The Determinism-Indeterminism Controversy 1679-1910
history, determinism-indeterminism controversy, philosophy, philosophers, Thomas Hobbes, William James
History | History of Philosophy | Philosophy
This paper presents a study of the determinism-indeterminism controversy from the year 1679, the date of Thomas Hobbes' death, to 1910, the death of William James'. The period will not be studied to discern the trends running through it, mentioning personalities as we go, but as a period in which several philosophers thought and wrote and who will be the objects of our attention. It is obvious that we cannot study a great many thinkers who lived in this period, for they are numerous. The ones we shall examine have been taken from the field in view of their important contributions to our topic, and therefore this paper will be concerned with the views of these men instead of the period as a whole. The men selected are Thomas Hobbes, David Hume, Immanuel Kant, Arthur Schopenhauer, John Stuart Mill, and William James.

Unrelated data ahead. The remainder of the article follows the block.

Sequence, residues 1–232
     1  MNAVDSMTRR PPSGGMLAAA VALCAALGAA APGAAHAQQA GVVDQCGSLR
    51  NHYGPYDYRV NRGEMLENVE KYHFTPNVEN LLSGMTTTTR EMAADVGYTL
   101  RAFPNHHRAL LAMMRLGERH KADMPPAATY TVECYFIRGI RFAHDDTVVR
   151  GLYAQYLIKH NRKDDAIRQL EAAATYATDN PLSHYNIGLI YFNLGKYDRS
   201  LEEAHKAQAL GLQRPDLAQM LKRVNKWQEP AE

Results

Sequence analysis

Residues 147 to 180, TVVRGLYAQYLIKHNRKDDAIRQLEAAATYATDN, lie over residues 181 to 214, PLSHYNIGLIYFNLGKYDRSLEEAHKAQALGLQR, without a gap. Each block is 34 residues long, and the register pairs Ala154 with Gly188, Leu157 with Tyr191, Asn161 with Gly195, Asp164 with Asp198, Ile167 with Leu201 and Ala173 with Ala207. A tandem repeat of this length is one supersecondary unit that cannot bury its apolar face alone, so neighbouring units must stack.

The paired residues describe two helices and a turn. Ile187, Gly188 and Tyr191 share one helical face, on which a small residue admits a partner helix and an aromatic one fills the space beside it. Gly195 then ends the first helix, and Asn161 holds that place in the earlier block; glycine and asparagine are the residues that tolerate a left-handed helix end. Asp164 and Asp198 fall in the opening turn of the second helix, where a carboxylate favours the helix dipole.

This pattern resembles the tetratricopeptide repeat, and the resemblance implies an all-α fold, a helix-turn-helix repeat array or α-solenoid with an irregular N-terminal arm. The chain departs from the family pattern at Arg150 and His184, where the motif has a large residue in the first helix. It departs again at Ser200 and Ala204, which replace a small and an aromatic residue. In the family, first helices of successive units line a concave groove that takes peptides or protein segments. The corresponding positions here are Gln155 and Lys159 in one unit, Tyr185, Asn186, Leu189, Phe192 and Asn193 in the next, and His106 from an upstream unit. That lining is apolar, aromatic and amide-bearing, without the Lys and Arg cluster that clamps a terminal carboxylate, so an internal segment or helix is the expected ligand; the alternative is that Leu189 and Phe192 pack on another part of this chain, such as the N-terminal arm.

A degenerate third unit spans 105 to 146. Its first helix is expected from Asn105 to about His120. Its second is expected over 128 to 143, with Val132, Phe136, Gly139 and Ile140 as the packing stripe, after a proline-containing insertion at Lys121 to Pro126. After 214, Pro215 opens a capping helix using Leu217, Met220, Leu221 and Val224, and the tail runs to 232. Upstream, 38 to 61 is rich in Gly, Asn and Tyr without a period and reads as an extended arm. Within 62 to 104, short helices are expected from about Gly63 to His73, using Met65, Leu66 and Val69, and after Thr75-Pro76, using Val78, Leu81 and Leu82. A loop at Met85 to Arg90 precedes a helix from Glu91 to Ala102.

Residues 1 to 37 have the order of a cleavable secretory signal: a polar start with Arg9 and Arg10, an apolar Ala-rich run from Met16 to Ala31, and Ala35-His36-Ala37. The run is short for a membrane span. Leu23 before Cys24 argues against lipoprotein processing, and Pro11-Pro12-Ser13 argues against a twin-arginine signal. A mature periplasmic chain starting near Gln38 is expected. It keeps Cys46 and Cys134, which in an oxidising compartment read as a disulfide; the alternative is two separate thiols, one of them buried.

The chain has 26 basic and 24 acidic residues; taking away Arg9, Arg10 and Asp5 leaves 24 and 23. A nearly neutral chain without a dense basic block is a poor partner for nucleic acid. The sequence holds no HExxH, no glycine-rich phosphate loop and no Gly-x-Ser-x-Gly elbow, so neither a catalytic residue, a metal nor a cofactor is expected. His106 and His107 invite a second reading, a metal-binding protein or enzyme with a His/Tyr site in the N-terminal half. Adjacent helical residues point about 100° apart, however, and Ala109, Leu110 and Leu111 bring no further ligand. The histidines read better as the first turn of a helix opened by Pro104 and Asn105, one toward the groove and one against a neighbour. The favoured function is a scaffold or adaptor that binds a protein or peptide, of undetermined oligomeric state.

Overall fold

Stevens, D. (1969). The Determinism-Indeterminism Controversy 1679-1910 (Undergraduate honors thesis, University of Redlands). Retrieved from https://inspire.redlands.edu/cas_honors/788